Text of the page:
On Independence Day, Obama bats for new migration policy

 05 Jul 2014 - 6:50

US President Barack Obama honours Spanish-born chef and restaurateur Jose Andres (centre) with the Outstanding American by Choice award during a naturalisation ceremony for members of the US military and military spouses at the White House in Washington yesterday. Andres became a US citizen in 2013. 

WASHINGTON: President Barack Obama told Americans on the Independence Day holiday yesterday that welcoming immigrants to the United States is “central to our way of life” as he made an impassioned argument for a new immigration policy.
“We have to fix our immigration system, which is broken, and pass common-sense immigration reform,” Obama said at a White House ceremony for 25 foreign-born men and women who gained American citizenship for their service in the US military.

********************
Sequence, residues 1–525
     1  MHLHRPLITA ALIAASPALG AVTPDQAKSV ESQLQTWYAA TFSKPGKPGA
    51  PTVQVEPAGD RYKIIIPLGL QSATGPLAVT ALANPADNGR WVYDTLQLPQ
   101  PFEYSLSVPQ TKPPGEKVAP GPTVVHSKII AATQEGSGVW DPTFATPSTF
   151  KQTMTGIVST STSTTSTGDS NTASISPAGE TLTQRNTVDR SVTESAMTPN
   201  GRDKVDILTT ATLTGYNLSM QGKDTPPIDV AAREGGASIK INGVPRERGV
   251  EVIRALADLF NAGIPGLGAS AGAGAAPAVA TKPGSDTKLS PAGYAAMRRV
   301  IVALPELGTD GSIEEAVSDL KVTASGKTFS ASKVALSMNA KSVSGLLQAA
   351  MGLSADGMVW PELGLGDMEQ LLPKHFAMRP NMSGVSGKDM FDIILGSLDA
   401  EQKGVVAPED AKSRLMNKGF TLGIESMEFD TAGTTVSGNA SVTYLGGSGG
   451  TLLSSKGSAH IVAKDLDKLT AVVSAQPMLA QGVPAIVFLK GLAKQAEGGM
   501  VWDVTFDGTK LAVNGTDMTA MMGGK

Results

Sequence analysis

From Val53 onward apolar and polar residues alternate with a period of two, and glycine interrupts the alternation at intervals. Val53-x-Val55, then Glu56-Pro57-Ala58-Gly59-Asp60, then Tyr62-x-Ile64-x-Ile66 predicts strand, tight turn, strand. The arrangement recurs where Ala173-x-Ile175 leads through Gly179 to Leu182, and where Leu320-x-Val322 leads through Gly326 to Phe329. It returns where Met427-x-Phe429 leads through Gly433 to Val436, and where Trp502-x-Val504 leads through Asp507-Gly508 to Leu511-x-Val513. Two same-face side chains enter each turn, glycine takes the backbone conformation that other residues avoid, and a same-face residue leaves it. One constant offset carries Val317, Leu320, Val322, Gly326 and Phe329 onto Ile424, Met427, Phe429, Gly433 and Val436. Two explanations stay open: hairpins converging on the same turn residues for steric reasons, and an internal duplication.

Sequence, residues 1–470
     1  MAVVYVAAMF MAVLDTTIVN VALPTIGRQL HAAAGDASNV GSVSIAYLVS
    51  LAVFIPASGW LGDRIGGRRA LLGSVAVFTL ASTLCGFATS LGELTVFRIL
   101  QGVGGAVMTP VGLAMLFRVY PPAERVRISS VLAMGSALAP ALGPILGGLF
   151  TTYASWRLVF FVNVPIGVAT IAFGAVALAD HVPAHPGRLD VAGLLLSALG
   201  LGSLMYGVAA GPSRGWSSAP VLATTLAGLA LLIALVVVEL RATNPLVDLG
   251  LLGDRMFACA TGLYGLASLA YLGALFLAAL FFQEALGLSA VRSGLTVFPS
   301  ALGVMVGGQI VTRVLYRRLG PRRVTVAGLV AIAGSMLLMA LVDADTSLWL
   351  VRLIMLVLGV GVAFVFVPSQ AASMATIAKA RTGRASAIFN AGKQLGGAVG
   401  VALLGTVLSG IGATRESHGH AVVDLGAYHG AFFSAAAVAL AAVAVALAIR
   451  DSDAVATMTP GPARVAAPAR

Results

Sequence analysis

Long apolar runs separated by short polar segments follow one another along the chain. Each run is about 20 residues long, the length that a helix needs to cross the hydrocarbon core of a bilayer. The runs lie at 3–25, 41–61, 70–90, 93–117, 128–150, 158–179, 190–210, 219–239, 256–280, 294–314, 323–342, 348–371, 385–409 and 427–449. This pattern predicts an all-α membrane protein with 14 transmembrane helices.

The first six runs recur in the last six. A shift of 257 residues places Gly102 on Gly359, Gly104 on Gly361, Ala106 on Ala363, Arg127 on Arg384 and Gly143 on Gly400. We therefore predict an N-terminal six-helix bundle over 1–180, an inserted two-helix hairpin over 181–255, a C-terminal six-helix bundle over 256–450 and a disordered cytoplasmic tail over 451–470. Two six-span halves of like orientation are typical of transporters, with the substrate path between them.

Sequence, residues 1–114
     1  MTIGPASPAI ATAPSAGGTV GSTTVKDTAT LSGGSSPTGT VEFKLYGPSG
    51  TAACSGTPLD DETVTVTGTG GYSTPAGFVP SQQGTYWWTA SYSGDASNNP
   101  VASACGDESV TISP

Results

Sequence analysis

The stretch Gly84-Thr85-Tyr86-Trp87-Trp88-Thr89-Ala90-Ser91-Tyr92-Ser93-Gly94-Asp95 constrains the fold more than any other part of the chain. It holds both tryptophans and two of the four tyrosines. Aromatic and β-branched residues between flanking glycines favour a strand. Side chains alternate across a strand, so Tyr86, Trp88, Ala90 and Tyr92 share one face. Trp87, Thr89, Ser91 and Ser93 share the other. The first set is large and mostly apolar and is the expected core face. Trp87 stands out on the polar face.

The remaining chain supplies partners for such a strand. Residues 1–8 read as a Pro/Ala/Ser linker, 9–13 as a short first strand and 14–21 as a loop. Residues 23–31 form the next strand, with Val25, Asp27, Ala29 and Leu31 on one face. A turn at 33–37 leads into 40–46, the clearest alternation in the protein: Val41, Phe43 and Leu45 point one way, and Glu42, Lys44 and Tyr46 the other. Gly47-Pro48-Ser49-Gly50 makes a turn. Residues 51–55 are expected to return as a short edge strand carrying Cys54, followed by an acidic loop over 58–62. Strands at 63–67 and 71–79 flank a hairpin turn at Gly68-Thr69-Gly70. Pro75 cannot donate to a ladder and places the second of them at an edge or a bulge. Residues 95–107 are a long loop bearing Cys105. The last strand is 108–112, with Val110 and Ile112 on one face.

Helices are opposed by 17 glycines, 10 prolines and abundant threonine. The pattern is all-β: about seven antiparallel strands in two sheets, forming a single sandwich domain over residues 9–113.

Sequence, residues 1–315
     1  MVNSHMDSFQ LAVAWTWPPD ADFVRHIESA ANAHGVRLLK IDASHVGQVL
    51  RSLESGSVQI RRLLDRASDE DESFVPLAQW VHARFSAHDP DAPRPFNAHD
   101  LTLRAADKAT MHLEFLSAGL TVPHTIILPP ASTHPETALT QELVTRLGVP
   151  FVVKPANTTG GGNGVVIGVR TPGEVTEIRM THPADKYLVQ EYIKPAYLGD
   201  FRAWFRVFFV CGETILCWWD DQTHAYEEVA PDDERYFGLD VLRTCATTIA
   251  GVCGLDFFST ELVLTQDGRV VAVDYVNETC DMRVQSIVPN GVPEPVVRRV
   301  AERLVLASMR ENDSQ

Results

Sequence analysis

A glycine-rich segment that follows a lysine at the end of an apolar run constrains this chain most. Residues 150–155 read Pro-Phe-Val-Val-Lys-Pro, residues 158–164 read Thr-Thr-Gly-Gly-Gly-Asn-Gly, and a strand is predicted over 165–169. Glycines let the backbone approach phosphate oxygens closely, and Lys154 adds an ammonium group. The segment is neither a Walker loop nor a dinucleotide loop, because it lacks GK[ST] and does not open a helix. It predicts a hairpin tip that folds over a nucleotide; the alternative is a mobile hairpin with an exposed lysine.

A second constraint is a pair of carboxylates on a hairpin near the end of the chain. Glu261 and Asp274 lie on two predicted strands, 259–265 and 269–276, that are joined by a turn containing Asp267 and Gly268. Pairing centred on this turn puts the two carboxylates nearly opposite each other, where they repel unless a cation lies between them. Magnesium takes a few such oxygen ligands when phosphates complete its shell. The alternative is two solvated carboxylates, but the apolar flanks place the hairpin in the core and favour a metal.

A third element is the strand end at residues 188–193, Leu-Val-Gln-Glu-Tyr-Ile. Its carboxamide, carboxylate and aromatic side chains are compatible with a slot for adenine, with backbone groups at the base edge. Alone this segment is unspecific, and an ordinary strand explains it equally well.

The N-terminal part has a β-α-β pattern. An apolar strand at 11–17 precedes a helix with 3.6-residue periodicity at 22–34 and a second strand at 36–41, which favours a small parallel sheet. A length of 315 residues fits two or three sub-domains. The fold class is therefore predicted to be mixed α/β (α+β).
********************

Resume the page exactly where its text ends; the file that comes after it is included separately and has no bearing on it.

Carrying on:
Obama is struggling on two fronts in the immigration debate.
His drive for Congress to pass a comprehensive immigration overhaul this year collapsed when House of Representatives Speaker John Boehner, the top Republican in Washington, told him the House would not hold 
a vote.
Along the southern US border in Texas, Obama’s administration is attempting to get a handle on the tens of thousands of children from Central America who have flooded into the country, straining resources and leading to Republican criticism that Obama is not doing enough to stop the surge.
The twin challenges have put Obama in a difficult position.
While he has vowed to take executive actions on his own to make it easier for undocumented people to remain in the United States, he says most of the recent migrants will be sent home.
This has upset immigration advocacy groups who support him and see the new migrants as victims of gang violence in their home countries.
Obama’s remarks in the White House East Room underscored his message that the United States would be a weaker nation without immigrants.